Conceptualizing Violence Against Pregnant Women

Deborah Tuerkheimer

DePaul University - College of Law

Indiana Law Journal, Vol. 81, p. 667, 2006

Violence against pregnant women has been largely overlooked by social and legal discourses. Violence often begins or escalates during pregnancy, yet the criminal law as currently constituted fails to provide a remedy commensurate with the victim's injury. The pregnant battered woman thus lies outside the reach of law's protection. This Article explores the nature of pregnancy battering - violence inflicted on a pregnant woman by her intimate - and the limitations of the criminal law's response to it. I begin by introducing to legal scholarship current scientific research on the prevalence, dynamics, and consequences of violence during pregnancy. I then turn to the failure of conventional legal structures to redress pregnancy battering, asserting that criminal law decontextualizes violence and disregards the victim's pregnancy, resulting in an unduly restrictive definition of her injury.

In recent years, a new paradigm that purports to redress violence against pregnant woman has ascended. Embodied in the recently enacted federal Unborn Victims of Violence Act of 2004 (UVV), this approach identifies the fetus as the victim of violence. To evaluate the merits of this model, I consider how the construct of fetal personhood has historically served as a vehicle for state control over the lives of women. I claim that what is distinct - and particularly pernicious - about the UVV and analogous state statutes is that the pregnant woman, who was historically subject to paternalistic regulations enforcing idealized notions of motherhood, is now vanished altogether. Feminist theory, which might be expected to provide a framework that addresses criminal law's inadequacies in this area, itself offers an incomplete understanding of pregnancy. In order to challenge law's flawed definition of pregnancy battering, a richer, more complex story must be told. By integrating two strands of feminist scholarship that have developed largely in opposition to one another, my aim is to conceptualize pregnancy in a manner that animates an affirmative vision for criminal law functioning in this realm. Articulating how pregnant victims of domestic violence suffer allows for the possibility of meaningful criminal law remediation. To this end, I propose a new statutory approach that brings the woman - as fully constituted by her pregnancy - into legal focus.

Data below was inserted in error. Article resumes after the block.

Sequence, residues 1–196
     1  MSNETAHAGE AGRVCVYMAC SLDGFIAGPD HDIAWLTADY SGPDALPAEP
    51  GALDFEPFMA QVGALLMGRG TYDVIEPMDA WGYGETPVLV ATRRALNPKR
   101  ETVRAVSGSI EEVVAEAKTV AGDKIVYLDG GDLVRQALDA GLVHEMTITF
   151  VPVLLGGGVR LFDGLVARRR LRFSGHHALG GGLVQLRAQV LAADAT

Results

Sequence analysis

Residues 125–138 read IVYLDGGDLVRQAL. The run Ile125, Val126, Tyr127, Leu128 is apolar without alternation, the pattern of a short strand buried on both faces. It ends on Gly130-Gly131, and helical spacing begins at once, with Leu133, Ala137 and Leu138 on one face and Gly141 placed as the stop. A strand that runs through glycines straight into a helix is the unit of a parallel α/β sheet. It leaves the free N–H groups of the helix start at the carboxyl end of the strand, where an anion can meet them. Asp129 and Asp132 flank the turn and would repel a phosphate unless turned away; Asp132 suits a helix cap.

Number of Pages in PDF File: 47

Keywords: domestic violence, battering, pregnancy

JEL Classification: K14, K19, K42, K49

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Date posted: November 9, 2005  

Suggested Citation

Tuerkheimer, Deborah, Conceptualizing Violence Against Pregnant Women. Indiana Law Journal, Vol. 81, p. 667, 2006. Available at SSRN: http://ssrn.com/abstract=842164

Contact Information

Deborah Tuerkheimer (Contact Author)
DePaul University - College of Law ( email )
25 E. Jackson Blvd.
Chicago, IL Cook County 60604-2287
United States
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